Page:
Coda: Faculty Club, UC Santa Barbara

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[Originally published 3rd quarter 2004 in arcCA 04.3, “Photo Finish.”]

 

Faculty Club, UC Santa Barbara, left in 1968, photo by William Grover; right in 2004, photo by Kris Miller-Fisher.

Author Kris Miller-Fisher, AIA, is an architect in Santa Barbara, California.

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“The management has been very curiously interested in the building. That is, they either love it or they hate it. There have been two times now that I can remember when the new people had taken over who had liked the building and had called us up to find out where all the things were that had been hidden by the ‘bad guys’ who had just preceded them. Twice there has been a wave of people taking over who hated it and they’d unscrew stuff from the walls and the ceilings and jam it into storage closets, and hide all the animal’s heads. We had some quite nice gates and stuff that we’d made and they never have been found. They’ve been thrown away. The gates were all in perspective so that when you closed them they looked like they were disappearing in several directions at once.” — Charles Moore, 1976

In 1978, under Chancellor Robert Huttenback and his wife, a decorator from Montecito was hired to redesign the interiors in burgundy and cream, neutralizing its wit and intelligence. This was in an effort to remake the Club into a more ‘dignified’ place to do university business and entertaining, according to Board member Dennis Whelan, who interviewed the former Chancellor’s wife.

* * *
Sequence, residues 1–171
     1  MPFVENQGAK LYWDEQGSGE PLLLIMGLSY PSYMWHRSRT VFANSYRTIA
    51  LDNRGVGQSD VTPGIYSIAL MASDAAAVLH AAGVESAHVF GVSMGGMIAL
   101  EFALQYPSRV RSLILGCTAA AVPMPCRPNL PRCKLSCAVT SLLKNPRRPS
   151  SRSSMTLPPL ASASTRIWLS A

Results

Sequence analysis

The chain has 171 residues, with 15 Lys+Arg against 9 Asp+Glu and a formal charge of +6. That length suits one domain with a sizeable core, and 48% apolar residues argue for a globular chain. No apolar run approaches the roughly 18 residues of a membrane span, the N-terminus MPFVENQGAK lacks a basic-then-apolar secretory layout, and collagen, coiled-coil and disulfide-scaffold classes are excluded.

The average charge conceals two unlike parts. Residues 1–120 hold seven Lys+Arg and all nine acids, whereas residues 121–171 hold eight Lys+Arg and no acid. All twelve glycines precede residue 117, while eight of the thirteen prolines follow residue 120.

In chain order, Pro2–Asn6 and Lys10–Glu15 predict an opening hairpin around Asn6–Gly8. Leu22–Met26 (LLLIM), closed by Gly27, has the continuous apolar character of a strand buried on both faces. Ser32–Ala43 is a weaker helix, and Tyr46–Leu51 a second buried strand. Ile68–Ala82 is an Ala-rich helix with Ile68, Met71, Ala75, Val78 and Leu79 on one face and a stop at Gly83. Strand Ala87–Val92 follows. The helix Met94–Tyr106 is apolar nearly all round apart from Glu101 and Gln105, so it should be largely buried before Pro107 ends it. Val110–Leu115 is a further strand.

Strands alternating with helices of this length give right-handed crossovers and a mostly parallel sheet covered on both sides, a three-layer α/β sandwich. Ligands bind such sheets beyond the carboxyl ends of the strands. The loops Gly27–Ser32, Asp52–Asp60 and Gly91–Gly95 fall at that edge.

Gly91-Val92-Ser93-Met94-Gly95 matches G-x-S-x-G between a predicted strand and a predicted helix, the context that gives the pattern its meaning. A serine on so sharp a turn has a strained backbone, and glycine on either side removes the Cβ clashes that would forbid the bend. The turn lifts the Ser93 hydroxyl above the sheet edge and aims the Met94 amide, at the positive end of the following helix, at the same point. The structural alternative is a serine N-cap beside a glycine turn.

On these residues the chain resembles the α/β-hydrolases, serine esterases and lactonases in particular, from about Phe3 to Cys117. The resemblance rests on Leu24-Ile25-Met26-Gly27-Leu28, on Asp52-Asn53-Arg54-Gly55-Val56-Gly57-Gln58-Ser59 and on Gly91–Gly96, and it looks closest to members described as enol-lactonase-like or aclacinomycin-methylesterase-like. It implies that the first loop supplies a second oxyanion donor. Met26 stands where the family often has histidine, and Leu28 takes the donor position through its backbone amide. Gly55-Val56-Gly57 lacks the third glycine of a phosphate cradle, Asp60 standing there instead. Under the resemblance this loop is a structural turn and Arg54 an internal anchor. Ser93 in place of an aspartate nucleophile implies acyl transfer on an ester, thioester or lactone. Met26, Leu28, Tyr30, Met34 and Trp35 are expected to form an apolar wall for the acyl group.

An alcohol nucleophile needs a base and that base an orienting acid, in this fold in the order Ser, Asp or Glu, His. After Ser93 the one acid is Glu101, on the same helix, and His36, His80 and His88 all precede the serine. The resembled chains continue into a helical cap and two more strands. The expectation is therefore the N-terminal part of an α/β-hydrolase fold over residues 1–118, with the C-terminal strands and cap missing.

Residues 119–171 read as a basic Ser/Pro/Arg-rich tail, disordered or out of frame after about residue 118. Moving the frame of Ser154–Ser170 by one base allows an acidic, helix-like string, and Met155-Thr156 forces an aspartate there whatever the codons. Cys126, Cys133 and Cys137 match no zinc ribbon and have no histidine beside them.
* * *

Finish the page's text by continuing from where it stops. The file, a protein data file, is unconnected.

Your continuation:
A restoration and renovation is proceeding gradually as the Club and its Board raises contributions from its members. Luckily, the double exterior walls, high ceiling dining room filled with bridges and stairs—now very Harry Potter but Piranesi at that time—and the major walls and rooms remain the same. The demolished neon and Plexiglas triptychs, designed and donated by Charles Moore, have been reproduced from a graphic design and old slide images, since the originals were made without working drawings. The vibrantly painted central courtyard fountain, demolished because its sloping sides were considered a safety hazard, may be reconstructed as a floor pattern, now that the space has a canvas shade and the court is used frequently for dining. A brightly patterned and abstracted ‘dragon’ bench with a red eye made from a tail light in the entry court may be rebuilt in a similar spirit with more permanent materials. All of these changes (and more) will bring life back into this building that has had its wit and humor confiscated. Congratulations.

David Gebhard, who was also a member of the architectural selection committee, commented, “When people come to Santa Barbara to look at buildings, the three that they look at are the Courthouse, the Mission and the Faculty Club.”

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